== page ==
Lost Book of the Bible? Colossians 3-4

In the third chapter of the Book of Colossians, Paul clearly spells out that idolatry is still just as much of a problem today as it ever has been. In verse five, he tells them some of the things that Christians must do in their walk with God:

Put to death therefore what is earthly in you: sexual immorality, impurity, passion, evil desire, and covetousness, which is idolatry.

But he doesn’t stop there. He says that we must “put them all away,” meaning those things that make us less like Christ — such as anger, wrath, malice, slander, and obscene talk. Swearing “like a sailor” seems to getting more and more acceptable among some who consider themselves to be Christians. Clearly, this goes against the teachings of the Bible.

Along a main inland road from Ephesus to the Euphrates River, Colossae shared the beauty of the Lycus Valley with its sister cities Hierapolis. The original roads from Ephesus and Sardis joined there, and this defensible and well-watered hill became a strategic point in antiquity. Declining in importance by the time of Paul's Epistle to them, they had already been surpassed in size by the other Lycus Valley cities.

Along a main inland road from Ephesus to the Euphrates River, Colossae shared the beauty of the Lycus Valley with its sister cities Hierapolis. The original roads from Ephesus and Sardis joined there, and this defensible and well-watered hill became a strategic point in antiquity. Declining in importance by the time of Paul’s Epistle to them, they had already been surpassed in size by the other Lycus Valley cities.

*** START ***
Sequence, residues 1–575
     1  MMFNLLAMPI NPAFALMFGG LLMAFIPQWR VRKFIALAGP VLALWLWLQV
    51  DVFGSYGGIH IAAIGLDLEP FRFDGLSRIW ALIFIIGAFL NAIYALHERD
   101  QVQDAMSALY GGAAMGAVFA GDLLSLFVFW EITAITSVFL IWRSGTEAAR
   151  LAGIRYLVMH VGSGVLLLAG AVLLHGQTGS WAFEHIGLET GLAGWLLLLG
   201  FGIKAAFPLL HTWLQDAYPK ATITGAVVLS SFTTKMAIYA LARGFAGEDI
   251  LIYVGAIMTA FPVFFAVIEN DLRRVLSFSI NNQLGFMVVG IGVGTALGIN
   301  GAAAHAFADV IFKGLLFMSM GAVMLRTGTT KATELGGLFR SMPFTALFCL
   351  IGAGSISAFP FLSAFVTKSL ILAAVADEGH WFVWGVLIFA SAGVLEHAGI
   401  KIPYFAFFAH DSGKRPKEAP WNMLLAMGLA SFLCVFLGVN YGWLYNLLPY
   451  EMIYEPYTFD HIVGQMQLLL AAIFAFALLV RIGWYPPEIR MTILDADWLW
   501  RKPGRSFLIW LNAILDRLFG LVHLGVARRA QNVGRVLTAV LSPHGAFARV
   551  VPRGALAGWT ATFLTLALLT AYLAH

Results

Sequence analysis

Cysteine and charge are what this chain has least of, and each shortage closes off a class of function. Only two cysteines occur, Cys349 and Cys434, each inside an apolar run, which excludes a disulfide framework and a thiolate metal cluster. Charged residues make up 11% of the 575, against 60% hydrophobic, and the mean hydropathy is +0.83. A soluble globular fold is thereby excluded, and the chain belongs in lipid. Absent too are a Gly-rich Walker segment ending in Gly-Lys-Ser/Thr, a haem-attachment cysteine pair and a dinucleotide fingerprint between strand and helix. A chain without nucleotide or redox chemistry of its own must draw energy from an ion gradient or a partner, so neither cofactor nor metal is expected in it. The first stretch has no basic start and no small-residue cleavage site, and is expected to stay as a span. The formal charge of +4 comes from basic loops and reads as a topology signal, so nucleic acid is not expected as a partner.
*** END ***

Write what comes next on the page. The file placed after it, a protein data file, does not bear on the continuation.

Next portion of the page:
In chapter four, there is a passage that has become the subject of much discussion, and even has fueled theories of “lost books” of the Bible. Verse 16 says:

And when this letter has been read among you, have it also read in the church of the Laodiceans; and see that you also read the letter from Laodicea.

So the talk goes among some scholars that the Book that was the letter to Laodicea is los to us — possibly in one of the earthquakes of the period. The first thing this writer has to say about that is “can anyone seriously believe that God would allow such a thing to happen?” I think not.

Despite claims to the contrary by skeptics, the integrity of the Bible’s translations and how it compares from manuscripts of different periods is so amazing that it is unrivaled by any secular work. Secondly, this same verse demonstrates that Paul’s letters were circulated among the churches for their edification.

Exactly which letter the Laodiceans had is something else that is much debated. But in verse 17, Paul speaks of Archippus. The only other book in which Archippus is mentioned is Philemon, which gives credence to the belief some have that Paul’s letter to Philemon is actually the letter that the Laodiceans had.

 

 

/Bob’s boy

Bible Reading Schedule for this month
Click links below to read or listen to audio of one of this week’s chapters in Colossians and Luke

Col. 1, Col. 2, Col. 3, Col. 4, Luke 1

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some images © V. Gilbert & Arlisle F. Beers

Please visit this site’s menu item “The Author’s Books” for info on the author’s books, website, and Facebook page.

All of my comments in this blog are solely my responsibility. When reading any commentary, you should always refer first to the scripture, which is God’s unchanging and unfailing word.

 

 

 

 

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